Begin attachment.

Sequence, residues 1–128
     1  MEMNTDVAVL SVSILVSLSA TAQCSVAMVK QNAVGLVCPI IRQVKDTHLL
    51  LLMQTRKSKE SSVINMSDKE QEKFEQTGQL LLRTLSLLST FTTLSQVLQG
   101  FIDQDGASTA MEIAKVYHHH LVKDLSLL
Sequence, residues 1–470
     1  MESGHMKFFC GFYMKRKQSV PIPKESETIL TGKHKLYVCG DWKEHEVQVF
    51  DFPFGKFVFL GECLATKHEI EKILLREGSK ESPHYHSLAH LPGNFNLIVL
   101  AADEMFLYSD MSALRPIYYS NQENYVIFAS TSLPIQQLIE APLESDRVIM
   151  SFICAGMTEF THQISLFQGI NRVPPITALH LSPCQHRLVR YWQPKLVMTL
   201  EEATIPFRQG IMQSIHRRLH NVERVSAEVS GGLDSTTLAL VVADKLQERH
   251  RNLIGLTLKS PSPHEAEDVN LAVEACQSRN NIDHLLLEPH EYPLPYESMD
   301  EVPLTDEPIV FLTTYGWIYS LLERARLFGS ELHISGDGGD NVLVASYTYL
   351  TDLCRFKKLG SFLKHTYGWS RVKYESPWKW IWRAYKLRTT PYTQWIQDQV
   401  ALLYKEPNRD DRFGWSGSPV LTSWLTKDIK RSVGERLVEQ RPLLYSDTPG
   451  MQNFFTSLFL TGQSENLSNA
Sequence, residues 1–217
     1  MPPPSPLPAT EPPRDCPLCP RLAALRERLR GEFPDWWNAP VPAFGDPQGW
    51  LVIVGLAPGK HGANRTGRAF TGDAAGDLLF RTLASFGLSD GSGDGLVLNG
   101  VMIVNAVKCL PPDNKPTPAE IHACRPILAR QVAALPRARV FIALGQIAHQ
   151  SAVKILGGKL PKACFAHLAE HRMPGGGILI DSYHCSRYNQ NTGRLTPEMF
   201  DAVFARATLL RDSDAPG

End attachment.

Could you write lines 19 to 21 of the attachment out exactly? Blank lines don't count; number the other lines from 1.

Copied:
   101  VMIVNAVKCL PPDNKPTPAE IHACRPILAR QVAALPRARV FIALGQIAHQ
   151  SAVKILGGKL PKACFAHLAE HRMPGGGILI DSYHCSRYNQ NTGRLTPEMF
   201  DAVFARATLL RDSDAPG